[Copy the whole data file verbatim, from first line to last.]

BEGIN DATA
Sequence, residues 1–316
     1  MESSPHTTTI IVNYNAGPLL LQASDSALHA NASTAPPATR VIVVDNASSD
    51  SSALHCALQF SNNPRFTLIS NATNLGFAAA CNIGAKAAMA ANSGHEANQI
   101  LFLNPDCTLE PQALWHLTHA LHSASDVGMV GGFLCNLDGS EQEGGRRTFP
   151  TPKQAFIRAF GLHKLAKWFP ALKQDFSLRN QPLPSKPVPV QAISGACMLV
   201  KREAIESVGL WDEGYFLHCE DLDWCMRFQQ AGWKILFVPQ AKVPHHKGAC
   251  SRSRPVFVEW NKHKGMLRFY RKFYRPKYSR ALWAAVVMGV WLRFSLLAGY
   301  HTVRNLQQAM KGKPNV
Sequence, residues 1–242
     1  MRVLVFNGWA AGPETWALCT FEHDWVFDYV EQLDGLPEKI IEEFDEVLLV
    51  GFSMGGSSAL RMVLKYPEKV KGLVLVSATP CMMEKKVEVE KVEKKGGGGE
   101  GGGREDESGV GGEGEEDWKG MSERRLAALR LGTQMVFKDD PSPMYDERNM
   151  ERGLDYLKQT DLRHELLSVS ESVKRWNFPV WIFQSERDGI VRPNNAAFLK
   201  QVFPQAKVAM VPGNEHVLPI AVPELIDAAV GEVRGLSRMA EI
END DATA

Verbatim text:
Sequence, residues 1–316
     1  MESSPHTTTI IVNYNAGPLL LQASDSALHA NASTAPPATR VIVVDNASSD
    51  SSALHCALQF SNNPRFTLIS NATNLGFAAA CNIGAKAAMA ANSGHEANQI
   101  LFLNPDCTLE PQALWHLTHA LHSASDVGMV GGFLCNLDGS EQEGGRRTFP
   151  TPKQAFIRAF GLHKLAKWFP ALKQDFSLRN QPLPSKPVPV QAISGACMLV
   201  KREAIESVGL WDEGYFLHCE DLDWCMRFQQ AGWKILFVPQ AKVPHHKGAC
   251  SRSRPVFVEW NKHKGMLRFY RKFYRPKYSR ALWAAVVMGV WLRFSLLAGY
   301  HTVRNLQQAM KGKPNV
Sequence, residues 1–242
     1  MRVLVFNGWA AGPETWALCT FEHDWVFDYV EQLDGLPEKI IEEFDEVLLV
    51  GFSMGGSSAL RMVLKYPEKV KGLVLVSATP CMMEKKVEVE KVEKKGGGGE
   101  GGGREDESGV GGEGEEDWKG MSERRLAALR LGTQMVFKDD PSPMYDERNM
   151  ERGLDYLKQT DLRHELLSVS ESVKRWNFPV WIFQSERDGI VRPNNAAFLK
   201  QVFPQAKVAM VPGNEHVLPI AVPELIDAAV GEVRGLSRMA EI